Everything we did find, however, was new and exciting. The old water-based ecosystem of the Lower Permian, now gone, was replaced by a full-blown terrestrial system dominated by large herbivores and a smattering of smaller predatory carnivores. While fascinating, another startling development emerged as the study went on. We had begun to overlap in time deposits in the Soviet Union, from which had come their earliest Upper Permian vertebrates. Some of their animals and ours proved to be strikingly similar, so much so that in one or two cases they might be considered to belong to the same species. We had begun to forge a link between the basal Upper Permian of the two continents, North America and Europe. The high Russian deposits overlapped those of South and East Africa in time and animals. The establishment of a fully documented evolutionary sequence from the lower to the uppermost Permian loomed as a possibility. This initiated the chain of events that eventually led me to Moscow.

We started our hunt in the exposures of the San Angelo along the Pease River near the Benjamin-Crowell Highway (Figure 6), as suggested by Robert Roth. This was near the northern end of the San Angelo exposures, which pass underground shortly before reaching the Texas-Oklahoma border. The southern end of the formation was about 200 miles southwest in the vicinity of the city of San Angelo, the place after which the formation was named. The southernmost fifth of the exposures baffled all our efforts to find fossils, but the remainder, up to the Pease River, yielded its treasures, if reluctantly. The sites were separated by river cuts, but on the whole, we were able to get fossils from a more or less continuous line of exposures that formed a band about 160 miles long and five to ten miles wide.

Luck, as usual, played a part in the work. In our first venture into the Pease River exposures, driven there by rains that made the muddier Choza beds unworkable, we turned up fossils after about an hour of hunting. Nick Hotton and I were scanning the rocks not far from the highway when Nick called out, "Hey Doc, I got something here." I was about 20 feet up-slope and hurriedly skidded down to him. He did have something — some teeth of a fresh water shark. While I rooted around, taking them out, he went up to the level I had been working, and 10 feet from where he had stopped me, located part of a pair of jaws! The game of one-upmanship in hunting fossils is always played by prospectors, and here my graduate student, Nick, had one-upped me twice. I had it coming. However that was, the jaws he found were of some animal like none we or anybody else had ever seen before in North America. In the smug vernacular of the pompous of our profession, it was "new to science."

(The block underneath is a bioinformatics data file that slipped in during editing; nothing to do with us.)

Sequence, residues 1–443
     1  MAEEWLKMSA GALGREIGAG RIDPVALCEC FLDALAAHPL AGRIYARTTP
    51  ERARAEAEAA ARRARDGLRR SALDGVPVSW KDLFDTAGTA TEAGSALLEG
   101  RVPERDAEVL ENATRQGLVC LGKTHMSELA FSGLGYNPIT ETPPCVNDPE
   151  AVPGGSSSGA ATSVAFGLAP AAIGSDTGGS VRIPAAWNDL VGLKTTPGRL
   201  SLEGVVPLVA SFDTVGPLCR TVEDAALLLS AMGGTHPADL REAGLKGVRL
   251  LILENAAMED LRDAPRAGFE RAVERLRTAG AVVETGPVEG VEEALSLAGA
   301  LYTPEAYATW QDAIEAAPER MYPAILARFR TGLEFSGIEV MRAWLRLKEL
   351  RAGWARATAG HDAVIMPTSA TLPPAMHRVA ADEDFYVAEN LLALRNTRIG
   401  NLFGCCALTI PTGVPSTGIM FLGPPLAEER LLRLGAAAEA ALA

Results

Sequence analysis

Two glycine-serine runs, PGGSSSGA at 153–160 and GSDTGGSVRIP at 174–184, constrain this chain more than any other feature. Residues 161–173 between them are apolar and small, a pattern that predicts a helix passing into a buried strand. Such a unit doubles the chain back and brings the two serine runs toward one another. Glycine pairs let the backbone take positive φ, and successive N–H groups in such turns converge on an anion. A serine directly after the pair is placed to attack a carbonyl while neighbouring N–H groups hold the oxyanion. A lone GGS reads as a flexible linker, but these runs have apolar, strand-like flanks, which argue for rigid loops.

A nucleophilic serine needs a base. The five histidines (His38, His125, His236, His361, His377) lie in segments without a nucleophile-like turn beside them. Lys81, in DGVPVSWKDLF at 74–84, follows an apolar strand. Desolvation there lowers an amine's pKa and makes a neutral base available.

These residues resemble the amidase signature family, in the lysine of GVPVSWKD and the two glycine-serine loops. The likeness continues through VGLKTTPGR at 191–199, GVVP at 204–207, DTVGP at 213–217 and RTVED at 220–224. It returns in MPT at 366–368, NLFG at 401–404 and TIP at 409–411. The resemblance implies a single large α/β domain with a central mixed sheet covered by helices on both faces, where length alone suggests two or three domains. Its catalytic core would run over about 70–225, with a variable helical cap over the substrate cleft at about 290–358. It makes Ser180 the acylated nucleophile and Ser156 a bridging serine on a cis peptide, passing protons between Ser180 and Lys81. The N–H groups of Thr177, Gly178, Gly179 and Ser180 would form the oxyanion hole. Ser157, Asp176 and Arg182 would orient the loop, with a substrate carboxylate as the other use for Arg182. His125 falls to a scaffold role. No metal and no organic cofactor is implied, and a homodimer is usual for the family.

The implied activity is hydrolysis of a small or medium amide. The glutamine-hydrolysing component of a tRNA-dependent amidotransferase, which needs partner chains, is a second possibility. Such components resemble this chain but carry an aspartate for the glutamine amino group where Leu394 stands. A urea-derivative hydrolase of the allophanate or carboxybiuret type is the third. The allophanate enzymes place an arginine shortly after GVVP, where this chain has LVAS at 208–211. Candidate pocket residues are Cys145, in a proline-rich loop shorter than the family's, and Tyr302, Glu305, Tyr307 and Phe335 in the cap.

The luck was in getting such quick results, for it was not until a week of fruitless search had passed that we found anything else! If these first bones had not turned up, we might well have quit the San Angelo, considering it barren of vertebrate remains. More did turn up and gradually we extended our searches southwestward, to Little Croton Creek on the Mac-Fayden Ranch; to the southwest of Benjamin, Texas; to the Alexander Ranch near Truscott; and to the Swenson properties not far from Aspermont (Figure 15). Finally, we filled in the middle by working north of the Benjamin-Guthrie Highway. This was mostly done from the camp at Wade's, but gradually the distances got too great for the old Model A Ford. We were able to get hold of a used 1951 Ford pickup truck, more roadable but not as agile in getting over the bad country as the "A." At length, the time spent in running the 35 to 50 miles from Wade's to the collecting sites began to be too great. Reluctantly, I decided to leave Ignorant Ridge and establish new headquarters farther west. For one season we used Truscott, Texas, as a base. Later, Benjamin, Texas, became the center of operations, and with the discovery of a rich deposit some six miles west of Benjamin, along the Benjamin-Crowell Highway and six miles north on mud roads, we set up a field camp at the site which served us for several seasons.


Figure 15. Vertebrate remains in plaster jackets along Little Croton Creek on the MacFayden Ranch, Knox County, Texas. My crew (left to right): Dick Konizeski, who went from digging and shovelling to become Professor of Forestry at the University of Montana, Missoula. Ernest Lundelius, a true Texan's Texan who, returning "home" after a stint to his Ph.D. at the University of Chicago, made great inroads into our knowledge of Pleistocene vertebrates and has become a "wheel" in geology at the University of Texas at Austin. Dick Beerbower, who early prodded me into the consideration of faunas as units, put his agile wits to solutions of intricate paleoecological problems and is now a Professor of Geology at the State University of New York, Binghamton.